Answer, Exhibit 2 at 12-14.
On January 13, 1993, Burnight pled guilty to second degree murder and on March 22, 1993, was sentenced to a term of 15 years to life. Answer, Ex. 1 at 2. On September 15, 2004, the Board held Burnight's Subsequent Parole Consideration Hearing. Answer, Ex. 2 at 2. At the conclusion of that hearing the Board found him unsuitable for parole. Id. at 63-68.
On December 17, 2004, Burnight filed a petition for writ of habeas corpus in the Alameda County Superior Court. That petition was denied in a short but reasoned opinion on January 12, 2005. Answer, Ex. 3 at 2. Burnight then filed a petition in the California Court of Appeal for the First Appellate District, which was summarily denied on March 1, 2005. Answer, Ex. 4 at 2. Burnight then filed a petition in the California Supreme Court. That petition was summarily denied on January 25, 2006, with citations to People v. Duvall, 9 Cal. 4th 464 (1995), In re Miller,17 Cal. 2d 734 (1941) and In re Rosenkranz, 29 Cal. 4th 616 (2002). Answer, Ex. 5 at 2. Finally, Burnight filed this federal petition on October 31, 2006.
IV. APPLICABLE STANDARD OF HABEAS CORPUS REVIEW
A writ of habeas corpus is available under 28 U.S.C. § 2254 only on the basis of some transgression of federal law binding on the state courts. SeePeltier v. Wright, 15 F.3d 860, 861 (9th Cir. 1993); Middleton v. Cupp, 768 F.2d 1083, 1085 (9th Cir. 1985) (citing Engle v. Isaac, 456 U.S. 107, 119 (1982)). A federal writ is not available for alleged error in the interpretation or application of state law. SeeEstelle v. McGuire, 502 U.S. 62, 67-68 (1991); Park v. California, 202 F.3d 1146, 1149 (9th Cir. 2000); Middleton, 768 F.2d at 1085. Habeas corpus cannot be utilized to try state issues denovo. Milton v. Wainwright, 407 U.S. 371, 377 (1972).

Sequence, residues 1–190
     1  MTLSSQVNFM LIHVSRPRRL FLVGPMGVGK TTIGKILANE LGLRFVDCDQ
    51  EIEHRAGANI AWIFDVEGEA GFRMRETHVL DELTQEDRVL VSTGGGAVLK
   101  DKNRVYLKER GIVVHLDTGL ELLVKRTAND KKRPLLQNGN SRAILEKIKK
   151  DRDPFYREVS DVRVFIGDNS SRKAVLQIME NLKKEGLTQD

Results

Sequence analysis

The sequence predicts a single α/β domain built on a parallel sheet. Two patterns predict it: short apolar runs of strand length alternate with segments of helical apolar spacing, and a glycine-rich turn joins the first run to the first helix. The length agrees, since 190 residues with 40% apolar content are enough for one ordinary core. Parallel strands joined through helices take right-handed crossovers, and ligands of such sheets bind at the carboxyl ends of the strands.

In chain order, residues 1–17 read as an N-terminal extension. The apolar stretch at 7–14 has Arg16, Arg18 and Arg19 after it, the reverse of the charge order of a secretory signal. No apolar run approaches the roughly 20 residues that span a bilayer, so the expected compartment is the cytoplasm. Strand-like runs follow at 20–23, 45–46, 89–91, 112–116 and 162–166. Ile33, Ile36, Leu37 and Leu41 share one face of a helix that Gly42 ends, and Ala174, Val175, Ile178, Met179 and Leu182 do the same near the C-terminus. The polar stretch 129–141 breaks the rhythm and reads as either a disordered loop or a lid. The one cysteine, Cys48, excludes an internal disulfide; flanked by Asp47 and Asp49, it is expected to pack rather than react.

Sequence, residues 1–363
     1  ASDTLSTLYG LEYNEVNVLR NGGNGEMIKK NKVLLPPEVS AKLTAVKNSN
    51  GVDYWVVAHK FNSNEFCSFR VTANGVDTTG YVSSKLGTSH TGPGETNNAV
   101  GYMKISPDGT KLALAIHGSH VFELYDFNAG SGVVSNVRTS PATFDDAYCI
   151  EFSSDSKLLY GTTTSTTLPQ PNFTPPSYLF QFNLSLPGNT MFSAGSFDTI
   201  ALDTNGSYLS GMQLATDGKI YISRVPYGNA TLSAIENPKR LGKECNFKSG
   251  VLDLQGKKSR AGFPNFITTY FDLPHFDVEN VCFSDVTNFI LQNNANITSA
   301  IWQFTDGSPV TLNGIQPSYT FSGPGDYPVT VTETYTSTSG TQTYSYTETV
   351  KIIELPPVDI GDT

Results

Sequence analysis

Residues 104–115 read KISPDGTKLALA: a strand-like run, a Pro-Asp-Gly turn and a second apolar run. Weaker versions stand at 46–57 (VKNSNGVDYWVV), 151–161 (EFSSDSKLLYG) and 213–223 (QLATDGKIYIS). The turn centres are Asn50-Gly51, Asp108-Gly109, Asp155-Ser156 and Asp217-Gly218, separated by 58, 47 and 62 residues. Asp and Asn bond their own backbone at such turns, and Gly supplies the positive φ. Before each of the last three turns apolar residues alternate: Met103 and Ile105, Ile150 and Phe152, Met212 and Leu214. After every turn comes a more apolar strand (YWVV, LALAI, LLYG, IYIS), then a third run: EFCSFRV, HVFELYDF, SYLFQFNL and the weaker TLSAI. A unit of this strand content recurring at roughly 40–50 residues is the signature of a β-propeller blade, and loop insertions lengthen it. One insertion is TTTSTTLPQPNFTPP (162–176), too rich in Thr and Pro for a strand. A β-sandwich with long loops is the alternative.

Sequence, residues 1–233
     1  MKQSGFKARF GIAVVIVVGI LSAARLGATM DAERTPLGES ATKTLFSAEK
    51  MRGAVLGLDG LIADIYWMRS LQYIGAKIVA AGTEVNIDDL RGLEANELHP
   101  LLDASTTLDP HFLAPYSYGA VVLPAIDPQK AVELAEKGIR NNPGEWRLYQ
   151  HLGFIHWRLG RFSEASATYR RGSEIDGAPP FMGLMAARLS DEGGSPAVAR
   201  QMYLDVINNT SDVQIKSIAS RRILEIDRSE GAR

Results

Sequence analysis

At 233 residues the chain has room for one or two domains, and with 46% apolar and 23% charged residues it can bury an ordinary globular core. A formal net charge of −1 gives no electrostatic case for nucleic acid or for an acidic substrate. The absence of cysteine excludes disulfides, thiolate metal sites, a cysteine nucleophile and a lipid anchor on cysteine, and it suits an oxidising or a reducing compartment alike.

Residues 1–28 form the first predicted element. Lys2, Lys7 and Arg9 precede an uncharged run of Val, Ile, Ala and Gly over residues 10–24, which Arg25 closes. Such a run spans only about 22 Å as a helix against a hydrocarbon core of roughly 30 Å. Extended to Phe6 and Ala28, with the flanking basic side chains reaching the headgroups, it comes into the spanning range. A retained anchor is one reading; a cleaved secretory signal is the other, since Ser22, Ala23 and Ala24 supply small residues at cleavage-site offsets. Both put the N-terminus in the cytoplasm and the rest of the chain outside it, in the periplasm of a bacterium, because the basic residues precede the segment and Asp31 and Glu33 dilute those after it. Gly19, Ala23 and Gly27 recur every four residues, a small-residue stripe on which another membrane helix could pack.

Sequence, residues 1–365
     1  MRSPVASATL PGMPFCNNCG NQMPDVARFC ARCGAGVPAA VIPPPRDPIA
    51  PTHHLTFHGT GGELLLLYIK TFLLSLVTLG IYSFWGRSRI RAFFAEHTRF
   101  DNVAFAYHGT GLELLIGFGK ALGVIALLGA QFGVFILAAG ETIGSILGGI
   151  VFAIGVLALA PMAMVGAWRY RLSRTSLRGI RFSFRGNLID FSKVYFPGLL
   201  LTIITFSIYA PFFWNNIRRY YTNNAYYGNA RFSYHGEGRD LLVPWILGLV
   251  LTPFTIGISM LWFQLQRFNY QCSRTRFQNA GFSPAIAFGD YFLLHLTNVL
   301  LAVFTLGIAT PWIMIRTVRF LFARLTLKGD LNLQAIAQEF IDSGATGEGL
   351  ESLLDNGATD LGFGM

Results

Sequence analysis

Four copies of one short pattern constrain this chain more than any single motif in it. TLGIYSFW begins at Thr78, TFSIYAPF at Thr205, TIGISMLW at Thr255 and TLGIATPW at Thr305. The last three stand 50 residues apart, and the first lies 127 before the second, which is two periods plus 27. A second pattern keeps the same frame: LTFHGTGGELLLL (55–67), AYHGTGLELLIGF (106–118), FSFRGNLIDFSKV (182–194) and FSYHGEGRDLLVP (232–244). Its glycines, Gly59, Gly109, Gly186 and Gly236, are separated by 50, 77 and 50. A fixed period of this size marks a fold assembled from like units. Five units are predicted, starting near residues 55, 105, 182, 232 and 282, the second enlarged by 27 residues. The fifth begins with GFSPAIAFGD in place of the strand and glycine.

This action is governed by the Antiterrorism and Effective Death Penalty Act of 1996 ("AEDPA"). SeeLindh v. Murphy, 521 U.S. 320, 336 (1997); Clark v. Murphy, 331 F.3d 1062, 1067 (9th Cir. 2003). Section 2254(d) sets forth the following standards for granting habeas corpus relief:
An application for a writ of habeas corpus on behalf of a person in custody pursuant to the judgment of a State court shall not be granted with respect to any claim that was adjudicated on the merits in State court proceedings unless the adjudication of the claim -
(1) resulted in a decision that was contrary to, or involved an unreasonable application of, clearly established Federal law, as determined by the Supreme Court of the United States; or
(2) resulted in a decision that was based on an unreasonable determination of the facts in light of the evidence ...